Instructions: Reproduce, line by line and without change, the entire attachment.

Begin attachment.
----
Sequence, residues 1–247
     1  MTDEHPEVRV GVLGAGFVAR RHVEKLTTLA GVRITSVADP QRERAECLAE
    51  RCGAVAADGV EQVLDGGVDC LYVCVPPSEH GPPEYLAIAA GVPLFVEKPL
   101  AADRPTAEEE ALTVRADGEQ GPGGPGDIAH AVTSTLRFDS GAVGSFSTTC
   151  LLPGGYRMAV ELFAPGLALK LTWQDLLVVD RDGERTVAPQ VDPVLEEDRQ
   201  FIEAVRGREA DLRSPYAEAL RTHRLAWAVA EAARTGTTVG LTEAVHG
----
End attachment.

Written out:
Sequence, residues 1–247
     1  MTDEHPEVRV GVLGAGFVAR RHVEKLTTLA GVRITSVADP QRERAECLAE
    51  RCGAVAADGV EQVLDGGVDC LYVCVPPSEH GPPEYLAIAA GVPLFVEKPL
   101  AADRPTAEEE ALTVRADGEQ GPGGPGDIAH AVTSTLRFDS GAVGSFSTTC
   151  LLPGGYRMAV ELFAPGLALK LTWQDLLVVD RDGERTVAPQ VDPVLEEDRQ
   201  FIEAVRGREA DLRSPYAEAL RTHRLAWAVA EAARTGTTVG LTEAVHG